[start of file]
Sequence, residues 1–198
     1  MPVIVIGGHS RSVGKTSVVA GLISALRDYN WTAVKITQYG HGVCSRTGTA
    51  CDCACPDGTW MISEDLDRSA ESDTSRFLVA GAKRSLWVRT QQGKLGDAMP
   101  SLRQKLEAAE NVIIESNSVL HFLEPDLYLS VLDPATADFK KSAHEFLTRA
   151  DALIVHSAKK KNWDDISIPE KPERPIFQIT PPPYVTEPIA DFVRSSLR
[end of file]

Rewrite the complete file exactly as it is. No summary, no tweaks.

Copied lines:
Sequence, residues 1–198
     1  MPVIVIGGHS RSVGKTSVVA GLISALRDYN WTAVKITQYG HGVCSRTGTA
    51  CDCACPDGTW MISEDLDRSA ESDTSRFLVA GAKRSLWVRT QQGKLGDAMP
   101  SLRQKLEAAE NVIIESNSVL HFLEPDLYLS VLDPATADFK KSAHEFLTRA
   151  DALIVHSAKK KNWDDISIPE KPERPIFQIT PPPYVTEPIA DFVRSSLR